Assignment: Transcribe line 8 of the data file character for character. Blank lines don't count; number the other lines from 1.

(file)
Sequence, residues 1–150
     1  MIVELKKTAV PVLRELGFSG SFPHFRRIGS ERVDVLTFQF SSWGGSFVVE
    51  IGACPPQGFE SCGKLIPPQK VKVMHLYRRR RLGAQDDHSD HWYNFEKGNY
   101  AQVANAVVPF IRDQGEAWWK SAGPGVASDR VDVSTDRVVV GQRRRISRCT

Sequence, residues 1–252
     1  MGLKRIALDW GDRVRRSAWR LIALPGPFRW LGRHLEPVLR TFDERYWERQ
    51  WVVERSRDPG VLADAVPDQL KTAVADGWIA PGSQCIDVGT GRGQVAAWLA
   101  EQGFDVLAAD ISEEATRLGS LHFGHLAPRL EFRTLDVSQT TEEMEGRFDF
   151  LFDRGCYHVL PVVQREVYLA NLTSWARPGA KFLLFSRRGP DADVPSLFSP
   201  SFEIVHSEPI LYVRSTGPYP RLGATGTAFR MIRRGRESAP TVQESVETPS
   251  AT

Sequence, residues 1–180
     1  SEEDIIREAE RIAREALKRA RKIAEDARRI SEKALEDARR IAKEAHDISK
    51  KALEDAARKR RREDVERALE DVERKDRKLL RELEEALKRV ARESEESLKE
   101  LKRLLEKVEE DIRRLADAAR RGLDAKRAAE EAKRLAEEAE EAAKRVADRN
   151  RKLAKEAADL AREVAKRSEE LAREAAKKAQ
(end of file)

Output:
   101  EQGFDVLAAD ISEEATRLGS LHFGHLAPRL EFRTLDVSQT TEEMEGRFDF